Reliability in Kafka

In this lesson, we explore the reliability of Kafka.

Reliability is a guarantee that a system promises and the user of that system can rely on being upheld. Take, for instance, the case of relational databases that offer ACID guarantees - atomicity, consistency, isolation, and durability. An ACID-compliant database guarantees certain behaviors for transactions. Users can then write safe applications against the database working off of those guarantees. Users know how the database will behave in case of failures and can write reliable applications around those behaviors.

Kafka also makes certain reliability guarantees, including:

  • If the same producer first writes a message A and then message B to the same partition, consumers are guaranteed to see message A first and then message B. The offset of message B is guaranteed to be higher than that of message A.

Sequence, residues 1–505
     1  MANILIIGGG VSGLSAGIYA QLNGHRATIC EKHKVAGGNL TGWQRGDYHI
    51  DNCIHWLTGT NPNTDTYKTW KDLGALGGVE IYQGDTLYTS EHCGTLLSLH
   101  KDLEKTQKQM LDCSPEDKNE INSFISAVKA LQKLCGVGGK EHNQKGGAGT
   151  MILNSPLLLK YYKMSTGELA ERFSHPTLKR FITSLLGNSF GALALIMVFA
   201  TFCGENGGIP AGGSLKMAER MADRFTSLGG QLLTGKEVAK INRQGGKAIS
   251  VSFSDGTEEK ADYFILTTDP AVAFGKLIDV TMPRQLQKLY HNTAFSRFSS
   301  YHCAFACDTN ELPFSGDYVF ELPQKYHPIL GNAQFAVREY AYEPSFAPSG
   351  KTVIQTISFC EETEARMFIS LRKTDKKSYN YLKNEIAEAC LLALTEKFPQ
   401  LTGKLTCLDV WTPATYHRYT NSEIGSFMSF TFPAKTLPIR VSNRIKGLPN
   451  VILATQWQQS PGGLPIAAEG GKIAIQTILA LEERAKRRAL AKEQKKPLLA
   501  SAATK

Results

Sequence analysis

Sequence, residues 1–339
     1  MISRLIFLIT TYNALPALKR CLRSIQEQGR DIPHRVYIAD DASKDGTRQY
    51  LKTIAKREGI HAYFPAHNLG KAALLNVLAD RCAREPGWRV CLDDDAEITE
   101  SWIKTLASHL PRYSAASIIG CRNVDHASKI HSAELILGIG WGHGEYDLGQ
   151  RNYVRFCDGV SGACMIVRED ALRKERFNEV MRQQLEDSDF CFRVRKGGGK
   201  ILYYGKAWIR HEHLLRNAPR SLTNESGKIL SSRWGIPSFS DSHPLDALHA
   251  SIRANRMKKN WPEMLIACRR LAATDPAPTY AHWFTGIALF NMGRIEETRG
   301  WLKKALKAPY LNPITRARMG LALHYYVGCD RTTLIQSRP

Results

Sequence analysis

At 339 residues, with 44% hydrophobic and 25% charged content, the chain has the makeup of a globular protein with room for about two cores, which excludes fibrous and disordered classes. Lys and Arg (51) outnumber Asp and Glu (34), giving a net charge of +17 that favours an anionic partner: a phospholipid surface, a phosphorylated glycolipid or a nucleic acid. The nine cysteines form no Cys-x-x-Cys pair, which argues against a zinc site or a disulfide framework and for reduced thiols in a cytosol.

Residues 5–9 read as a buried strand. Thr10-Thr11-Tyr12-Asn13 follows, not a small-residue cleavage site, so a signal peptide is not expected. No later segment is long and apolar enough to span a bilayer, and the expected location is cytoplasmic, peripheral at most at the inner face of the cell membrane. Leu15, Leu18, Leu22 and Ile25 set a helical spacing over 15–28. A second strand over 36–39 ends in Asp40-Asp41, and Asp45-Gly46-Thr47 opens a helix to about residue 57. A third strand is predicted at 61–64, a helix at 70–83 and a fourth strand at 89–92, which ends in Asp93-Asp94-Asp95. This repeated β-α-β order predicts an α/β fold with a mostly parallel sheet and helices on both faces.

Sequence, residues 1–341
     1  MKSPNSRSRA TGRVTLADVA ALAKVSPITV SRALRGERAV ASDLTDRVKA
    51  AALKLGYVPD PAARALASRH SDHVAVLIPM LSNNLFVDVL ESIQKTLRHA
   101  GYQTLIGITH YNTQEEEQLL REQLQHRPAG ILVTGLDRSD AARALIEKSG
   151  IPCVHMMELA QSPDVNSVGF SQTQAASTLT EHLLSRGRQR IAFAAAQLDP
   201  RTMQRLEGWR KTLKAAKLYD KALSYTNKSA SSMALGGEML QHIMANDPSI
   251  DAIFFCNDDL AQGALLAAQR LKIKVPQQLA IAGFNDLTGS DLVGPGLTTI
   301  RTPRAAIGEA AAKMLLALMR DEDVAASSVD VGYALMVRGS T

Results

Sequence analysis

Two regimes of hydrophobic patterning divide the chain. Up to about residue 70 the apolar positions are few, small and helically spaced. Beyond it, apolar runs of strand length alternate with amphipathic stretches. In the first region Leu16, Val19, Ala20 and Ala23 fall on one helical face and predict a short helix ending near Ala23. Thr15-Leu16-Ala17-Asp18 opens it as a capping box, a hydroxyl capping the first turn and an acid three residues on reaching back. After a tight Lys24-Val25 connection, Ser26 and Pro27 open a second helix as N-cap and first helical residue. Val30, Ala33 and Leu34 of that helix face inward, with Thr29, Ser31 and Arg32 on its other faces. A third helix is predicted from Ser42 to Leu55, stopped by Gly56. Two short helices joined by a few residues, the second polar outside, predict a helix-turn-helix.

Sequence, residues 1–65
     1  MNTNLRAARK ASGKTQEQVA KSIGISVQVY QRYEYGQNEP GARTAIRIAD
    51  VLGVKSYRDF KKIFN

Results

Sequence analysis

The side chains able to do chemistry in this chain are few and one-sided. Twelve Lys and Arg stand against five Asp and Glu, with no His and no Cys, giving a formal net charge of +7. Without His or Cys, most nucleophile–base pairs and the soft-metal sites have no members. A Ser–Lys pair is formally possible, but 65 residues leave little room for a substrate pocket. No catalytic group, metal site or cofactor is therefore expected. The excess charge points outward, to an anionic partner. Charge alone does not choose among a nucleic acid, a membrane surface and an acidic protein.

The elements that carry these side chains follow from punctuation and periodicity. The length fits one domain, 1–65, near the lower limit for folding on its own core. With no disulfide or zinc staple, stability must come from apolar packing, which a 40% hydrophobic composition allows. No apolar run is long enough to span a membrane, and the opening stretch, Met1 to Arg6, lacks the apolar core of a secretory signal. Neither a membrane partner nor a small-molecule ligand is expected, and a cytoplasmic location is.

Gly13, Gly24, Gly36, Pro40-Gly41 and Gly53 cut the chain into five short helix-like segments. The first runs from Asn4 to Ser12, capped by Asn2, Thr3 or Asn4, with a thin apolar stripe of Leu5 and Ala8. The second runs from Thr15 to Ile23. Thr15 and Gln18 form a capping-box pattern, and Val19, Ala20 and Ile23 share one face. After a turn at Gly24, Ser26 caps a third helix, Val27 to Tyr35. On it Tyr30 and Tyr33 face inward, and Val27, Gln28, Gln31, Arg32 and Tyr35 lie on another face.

• A message sent to the broker is considered committed when the message has been written to the partition by the leader and by all the in-sync replicas. However, this doesn’t imply the message has also been flushed to disk, it may very well be in memory.

  • Committed messages will not be lost as long as one replica is alive.

  • Consumers only read committed messages.

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